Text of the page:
Monday, July 8, 2013
The Goblin Cat
A silent reaction to words spoken, not to her but about her, flits across the face of Oharu, played by Kinuyo Tanaka, late in Kenji Mizoguchi's The Life of Oharu, which Criterion is releasing on DVD and Blu-ray tomorrow. I keep wanting to call this film The Fall of Oharu, probably because of Mizoguchi's series of "fallen women" pictures, and also because Oharu's life is the story of her fall. At the point in the film when the moment I'm revving up to describe occurs, Oharu has gone from a young upper-class woman whose love affair with a young man (Toshiru Mifune) who is beneath her standing, to a middle-aged prostitute, carried along the sluice of late 17th century Japanese propriety, the jaw-dropping penalties when that propriety is breached, and, occasionally, old fashioned bad luck and tragedy. But mostly it's just being a woman in Japan at that time which does her in, and Mizoguchi is elegantly ruthless about it all. Oharu can do nothing to extract herself. She fell in love outside of her class, so she and her family are banished. Her family's good name is ruined, so to earn money she must become a prostitute. She must become a rich man's concubine when his wife becomes barren, which might save her family, but her past ruins even that, at least somewhat remunerative, indignity. And so on, without ease.
Also fascinating about this shot is the distance Mizoguchi's camera is from Kinuyo Tanaka. Now you must forgive me here, and The Life of Oharu is not even my first Mizoguchi film; it's my fourth, if you simply must keep score. To be specific, prior to this I'd seen Ugetsu, Sansho the Bailiff, and, something of a left-field relative obscurity here, his four-hour The 47 Ronin. But that was all some time ago, and it wasn't until I watched The Life of Oharu that I noticed his positive phobia of close-ups. I've since gathered that this is actually part of Mizoguchi's whole deal, or was for a while anyway, but it was gratifying to be struck by it cold. But enough about me. The Life of Oharu is, of course, rife with the absence of close-ups, but it rang a particular tone at the moment when Oharu reacts to be called a "goblin cat," because I can't imagine another director, from the great ones to the shit ones, who wouldn't have either cut to her face, or let his or her camera drift to the right, maybe push in a little, something to highlight her, even if only slightly. Her face, at this moment, is in a sense the entire film in a one-second shadow, however, should we prefer to do so, we could look at the pilgrims instead -- Buddusky in that scene from The Last Detail may not have been in a strict close-up, but his face is pretty much the only thing we have to look at. And it's not as though Mizoguchi frames this shot so that Oharu is the visual equal of the pilgrims, but the viewer does have options. As Mizoguchi films it, there is a world apart from Oharu. There is a world that is, in fact, doing this to her.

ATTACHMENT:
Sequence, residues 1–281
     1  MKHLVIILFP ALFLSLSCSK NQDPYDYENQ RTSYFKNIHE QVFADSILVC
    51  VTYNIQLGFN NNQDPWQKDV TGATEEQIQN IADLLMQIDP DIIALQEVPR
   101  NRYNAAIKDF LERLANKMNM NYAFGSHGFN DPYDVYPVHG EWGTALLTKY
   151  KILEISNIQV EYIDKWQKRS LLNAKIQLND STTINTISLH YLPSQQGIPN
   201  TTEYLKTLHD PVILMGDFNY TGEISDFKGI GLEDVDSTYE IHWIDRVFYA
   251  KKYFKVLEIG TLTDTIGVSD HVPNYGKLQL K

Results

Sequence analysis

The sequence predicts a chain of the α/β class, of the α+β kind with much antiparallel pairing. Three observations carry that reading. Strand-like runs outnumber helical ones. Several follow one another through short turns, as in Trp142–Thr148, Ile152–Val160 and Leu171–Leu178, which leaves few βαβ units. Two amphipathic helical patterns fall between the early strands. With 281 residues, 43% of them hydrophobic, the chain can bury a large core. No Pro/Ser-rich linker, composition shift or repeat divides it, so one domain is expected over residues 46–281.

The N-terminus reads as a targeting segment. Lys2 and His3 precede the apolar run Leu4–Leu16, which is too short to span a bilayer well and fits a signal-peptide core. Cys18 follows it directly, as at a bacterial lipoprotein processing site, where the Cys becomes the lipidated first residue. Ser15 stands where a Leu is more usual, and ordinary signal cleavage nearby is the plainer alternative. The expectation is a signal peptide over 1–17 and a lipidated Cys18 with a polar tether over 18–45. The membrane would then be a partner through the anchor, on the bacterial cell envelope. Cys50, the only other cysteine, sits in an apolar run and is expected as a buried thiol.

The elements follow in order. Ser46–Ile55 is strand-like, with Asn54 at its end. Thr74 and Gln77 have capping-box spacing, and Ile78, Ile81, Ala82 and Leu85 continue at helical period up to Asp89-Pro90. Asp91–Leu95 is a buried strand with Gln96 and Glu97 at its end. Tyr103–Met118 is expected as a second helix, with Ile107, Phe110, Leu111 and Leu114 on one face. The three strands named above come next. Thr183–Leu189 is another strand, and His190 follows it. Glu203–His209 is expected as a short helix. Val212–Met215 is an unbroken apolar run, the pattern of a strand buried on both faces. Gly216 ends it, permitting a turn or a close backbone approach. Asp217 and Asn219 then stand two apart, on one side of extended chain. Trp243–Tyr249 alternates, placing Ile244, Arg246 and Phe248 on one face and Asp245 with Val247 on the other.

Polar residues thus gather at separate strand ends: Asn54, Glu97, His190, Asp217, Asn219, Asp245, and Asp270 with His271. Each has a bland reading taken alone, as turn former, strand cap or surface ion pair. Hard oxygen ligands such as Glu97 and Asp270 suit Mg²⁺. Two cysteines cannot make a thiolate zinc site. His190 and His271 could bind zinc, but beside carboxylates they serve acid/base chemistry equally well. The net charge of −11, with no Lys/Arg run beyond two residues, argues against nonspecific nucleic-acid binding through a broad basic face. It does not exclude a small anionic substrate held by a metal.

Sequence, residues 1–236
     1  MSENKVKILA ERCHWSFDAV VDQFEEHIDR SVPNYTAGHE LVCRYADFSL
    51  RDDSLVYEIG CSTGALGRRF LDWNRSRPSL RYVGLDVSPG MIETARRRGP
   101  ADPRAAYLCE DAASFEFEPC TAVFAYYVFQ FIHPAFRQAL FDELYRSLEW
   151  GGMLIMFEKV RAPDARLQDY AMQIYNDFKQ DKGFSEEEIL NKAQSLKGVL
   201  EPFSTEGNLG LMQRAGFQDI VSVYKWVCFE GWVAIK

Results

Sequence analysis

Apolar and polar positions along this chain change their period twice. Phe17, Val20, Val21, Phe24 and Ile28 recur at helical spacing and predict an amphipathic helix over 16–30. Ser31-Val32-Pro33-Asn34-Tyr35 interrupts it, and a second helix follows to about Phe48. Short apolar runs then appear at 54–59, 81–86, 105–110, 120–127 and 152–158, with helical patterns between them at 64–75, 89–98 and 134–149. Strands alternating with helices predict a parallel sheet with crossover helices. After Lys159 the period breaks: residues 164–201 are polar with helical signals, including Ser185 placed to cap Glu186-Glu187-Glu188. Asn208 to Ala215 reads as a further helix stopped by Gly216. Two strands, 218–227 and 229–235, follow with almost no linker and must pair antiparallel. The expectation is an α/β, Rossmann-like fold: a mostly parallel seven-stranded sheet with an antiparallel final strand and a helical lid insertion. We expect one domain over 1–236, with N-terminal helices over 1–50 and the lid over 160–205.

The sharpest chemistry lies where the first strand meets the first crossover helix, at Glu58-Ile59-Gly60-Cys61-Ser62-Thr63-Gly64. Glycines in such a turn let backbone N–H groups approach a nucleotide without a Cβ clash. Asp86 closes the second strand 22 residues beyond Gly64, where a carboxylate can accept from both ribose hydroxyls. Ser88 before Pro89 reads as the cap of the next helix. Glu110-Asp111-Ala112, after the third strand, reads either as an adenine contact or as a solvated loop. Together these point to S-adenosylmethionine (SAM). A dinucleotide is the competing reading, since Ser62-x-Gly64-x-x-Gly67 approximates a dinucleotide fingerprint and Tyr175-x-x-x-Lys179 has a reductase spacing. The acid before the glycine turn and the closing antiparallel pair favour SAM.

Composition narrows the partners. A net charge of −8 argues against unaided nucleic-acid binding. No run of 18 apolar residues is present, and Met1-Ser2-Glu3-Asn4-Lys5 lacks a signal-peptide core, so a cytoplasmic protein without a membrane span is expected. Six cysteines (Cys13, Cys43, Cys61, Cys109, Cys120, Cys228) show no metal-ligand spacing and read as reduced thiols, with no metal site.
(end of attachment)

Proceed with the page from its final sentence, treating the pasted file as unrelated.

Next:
And once you've gotten your teeth into the concept that The Life of Oharu completely lacks one of the most basic shots in filmmaking, you can't quite let it go, and everything else in the film must be considered alongside it. Towards the end -- and I'll tread lightly here -- after the "goblin cat" scene, the film's climax occurs within a frankly magnificent tracking shot, during which Oharu's face must tell the story of her life even more starkly than in the shot described above, yet we see her much less clearly. (I would be remiss, by the way, if I didn't mention the score by Ichiro Saito, which is generally wonderful and here achieves an eerie brilliance.) The tracking shot is about ceremony, which the "goblin cat" was not, at least not officially. The tracking shot chronicles something official, though, and a futile attempt to make the ceremony recognize something other than itself. In a general way -- or maybe a very specific way, depends on your definition, I suppose -- Oharu is the victim of ceremony, and by putting her at this particular distance from the camera, it's rather striking how lightly she glances off what is proper in her society.